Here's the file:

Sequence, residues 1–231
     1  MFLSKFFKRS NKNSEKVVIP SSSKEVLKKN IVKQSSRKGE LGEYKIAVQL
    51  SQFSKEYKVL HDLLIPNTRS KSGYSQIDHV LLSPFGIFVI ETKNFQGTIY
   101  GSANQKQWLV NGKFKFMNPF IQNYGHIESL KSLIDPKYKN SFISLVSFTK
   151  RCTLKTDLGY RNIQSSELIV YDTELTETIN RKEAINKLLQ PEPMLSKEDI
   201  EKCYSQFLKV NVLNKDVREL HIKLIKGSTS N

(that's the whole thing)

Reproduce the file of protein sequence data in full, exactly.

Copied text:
Sequence, residues 1–231
     1  MFLSKFFKRS NKNSEKVVIP SSSKEVLKKN IVKQSSRKGE LGEYKIAVQL
    51  SQFSKEYKVL HDLLIPNTRS KSGYSQIDHV LLSPFGIFVI ETKNFQGTIY
   101  GSANQKQWLV NGKFKFMNPF IQNYGHIESL KSLIDPKYKN SFISLVSFTK
   151  RCTLKTDLGY RNIQSSELIV YDTELTETIN RKEAINKLLQ PEPMLSKEDI
   201  EKCYSQFLKV NVLNKDVREL HIKLIKGSTS N